For quite a while I used a a used a cardboard box fitted with a couple of furnace filters that were duct taped to the inside toward the back of the box. Attach (tape) either a fitting or just the hose from a shop vac to the rear of the box and there you have it I used an old plastic fitting that match the diameter of the hose so I could remove it easily. Use the filters so particulate won't get into the shop vac. Used various primers and Model Master paints, noisy but almost completely odorless. Would still wear a respirator, but that's 30 years of firefighter talking.
    Herb
     
  14. orion549

    orion549 Member

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    I would say for the most part a couple of computer fans and coffee filter paper would do you well if you want real cheap. Cardboard box with a large computer fan (should be able to find at your local surplus store for near pennies) installed in the back of it, some tubing leading to a window with another computer fan in the end of that and cover the fan in the box with the coffee filter. It's not the most efficient, but if you're spraying in the general direction of the fans in the back it should suck out most fumes. Of course, what I do here in the Great White North during winter is get a box that just fits the model, try to get one that's single-ply corrugated for weight's sake. Then you take it outside and hold it up to spray, cover it and take it inside, and put in a box of baking soda and keep it covered for an hour or so. That gets rid of the fumes and keeps house dust off the fresh paint until it dries enough.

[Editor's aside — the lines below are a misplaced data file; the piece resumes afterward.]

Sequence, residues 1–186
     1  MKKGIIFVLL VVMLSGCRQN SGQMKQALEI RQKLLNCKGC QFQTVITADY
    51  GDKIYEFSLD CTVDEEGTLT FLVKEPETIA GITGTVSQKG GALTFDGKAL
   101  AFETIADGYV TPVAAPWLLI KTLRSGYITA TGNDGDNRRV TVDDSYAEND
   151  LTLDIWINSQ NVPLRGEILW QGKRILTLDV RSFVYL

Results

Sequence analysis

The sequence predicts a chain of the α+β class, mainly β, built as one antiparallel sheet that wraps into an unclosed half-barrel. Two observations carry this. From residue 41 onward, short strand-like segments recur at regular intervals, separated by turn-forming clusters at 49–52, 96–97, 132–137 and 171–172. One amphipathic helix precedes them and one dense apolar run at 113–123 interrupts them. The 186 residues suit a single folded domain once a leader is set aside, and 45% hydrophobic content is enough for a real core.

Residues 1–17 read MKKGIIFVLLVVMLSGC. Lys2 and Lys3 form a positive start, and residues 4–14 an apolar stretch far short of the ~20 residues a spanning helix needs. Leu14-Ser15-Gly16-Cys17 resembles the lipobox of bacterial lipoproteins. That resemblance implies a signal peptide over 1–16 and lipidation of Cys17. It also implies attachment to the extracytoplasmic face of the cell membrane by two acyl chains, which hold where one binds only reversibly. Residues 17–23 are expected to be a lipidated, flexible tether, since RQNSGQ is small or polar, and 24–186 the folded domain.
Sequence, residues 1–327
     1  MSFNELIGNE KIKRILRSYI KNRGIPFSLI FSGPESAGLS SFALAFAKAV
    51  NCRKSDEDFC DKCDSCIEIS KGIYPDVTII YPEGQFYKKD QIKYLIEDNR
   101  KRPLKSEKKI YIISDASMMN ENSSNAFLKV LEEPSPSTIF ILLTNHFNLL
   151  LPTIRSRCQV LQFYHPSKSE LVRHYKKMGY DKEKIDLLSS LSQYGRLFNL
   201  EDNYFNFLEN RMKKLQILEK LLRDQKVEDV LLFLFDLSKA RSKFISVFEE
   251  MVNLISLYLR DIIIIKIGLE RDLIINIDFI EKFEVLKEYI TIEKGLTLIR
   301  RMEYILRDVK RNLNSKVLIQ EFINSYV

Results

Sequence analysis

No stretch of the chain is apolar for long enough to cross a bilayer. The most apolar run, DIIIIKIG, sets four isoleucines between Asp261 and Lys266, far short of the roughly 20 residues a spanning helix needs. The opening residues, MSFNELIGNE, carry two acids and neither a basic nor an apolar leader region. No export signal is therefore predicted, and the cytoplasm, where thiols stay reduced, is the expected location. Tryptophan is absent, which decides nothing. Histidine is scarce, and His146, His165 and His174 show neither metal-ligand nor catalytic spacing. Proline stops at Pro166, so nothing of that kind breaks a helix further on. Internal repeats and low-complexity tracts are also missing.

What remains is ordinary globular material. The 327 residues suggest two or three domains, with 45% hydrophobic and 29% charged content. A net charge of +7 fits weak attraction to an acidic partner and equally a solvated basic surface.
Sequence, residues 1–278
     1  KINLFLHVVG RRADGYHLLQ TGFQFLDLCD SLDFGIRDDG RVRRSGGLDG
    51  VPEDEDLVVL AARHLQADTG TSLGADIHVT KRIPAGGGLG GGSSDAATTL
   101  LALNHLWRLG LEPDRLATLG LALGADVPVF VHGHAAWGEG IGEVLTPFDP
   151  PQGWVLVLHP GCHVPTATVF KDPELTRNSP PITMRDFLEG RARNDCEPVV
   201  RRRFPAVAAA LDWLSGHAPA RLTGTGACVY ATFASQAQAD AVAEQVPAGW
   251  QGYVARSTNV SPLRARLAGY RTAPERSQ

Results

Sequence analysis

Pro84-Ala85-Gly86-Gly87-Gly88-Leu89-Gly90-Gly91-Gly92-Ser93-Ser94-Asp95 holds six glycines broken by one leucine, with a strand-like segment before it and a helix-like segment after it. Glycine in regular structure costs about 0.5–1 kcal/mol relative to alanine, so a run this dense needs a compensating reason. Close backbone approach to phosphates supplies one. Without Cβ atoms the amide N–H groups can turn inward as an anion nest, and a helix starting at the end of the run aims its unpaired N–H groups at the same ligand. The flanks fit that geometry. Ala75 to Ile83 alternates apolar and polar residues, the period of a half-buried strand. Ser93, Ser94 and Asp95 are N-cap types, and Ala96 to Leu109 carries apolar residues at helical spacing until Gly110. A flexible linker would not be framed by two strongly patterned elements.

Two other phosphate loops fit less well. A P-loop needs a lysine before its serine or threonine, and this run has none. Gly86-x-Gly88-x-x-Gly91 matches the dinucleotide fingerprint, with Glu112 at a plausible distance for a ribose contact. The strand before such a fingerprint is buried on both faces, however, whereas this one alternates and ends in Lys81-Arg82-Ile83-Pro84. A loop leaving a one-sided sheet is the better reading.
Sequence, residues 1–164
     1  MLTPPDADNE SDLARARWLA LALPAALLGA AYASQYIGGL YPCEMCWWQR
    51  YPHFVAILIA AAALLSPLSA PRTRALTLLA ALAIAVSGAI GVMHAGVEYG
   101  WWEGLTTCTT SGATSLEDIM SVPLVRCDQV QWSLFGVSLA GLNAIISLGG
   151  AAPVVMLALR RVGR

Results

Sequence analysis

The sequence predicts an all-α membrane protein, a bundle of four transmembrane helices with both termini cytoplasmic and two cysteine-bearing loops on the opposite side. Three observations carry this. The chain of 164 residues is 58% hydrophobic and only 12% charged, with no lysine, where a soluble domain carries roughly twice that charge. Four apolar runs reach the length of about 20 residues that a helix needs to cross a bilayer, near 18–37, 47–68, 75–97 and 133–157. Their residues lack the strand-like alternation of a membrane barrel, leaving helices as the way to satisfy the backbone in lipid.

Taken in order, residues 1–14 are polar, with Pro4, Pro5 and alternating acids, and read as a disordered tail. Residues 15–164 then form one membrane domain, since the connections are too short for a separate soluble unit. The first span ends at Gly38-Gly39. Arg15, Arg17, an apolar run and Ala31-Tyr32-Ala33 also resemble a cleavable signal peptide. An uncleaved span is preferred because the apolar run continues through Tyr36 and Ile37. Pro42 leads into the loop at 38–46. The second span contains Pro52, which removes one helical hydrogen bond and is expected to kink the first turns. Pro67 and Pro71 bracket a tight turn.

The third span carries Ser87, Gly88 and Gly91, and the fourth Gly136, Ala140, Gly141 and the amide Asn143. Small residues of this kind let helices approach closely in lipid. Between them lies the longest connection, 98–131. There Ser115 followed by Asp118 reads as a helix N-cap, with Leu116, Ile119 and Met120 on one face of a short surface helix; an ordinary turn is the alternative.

Oh, BTW, make sure you mark "For Spray Paint" on the box of baking soda. ;)
     
  15. DOUGRD

    DOUGRD Member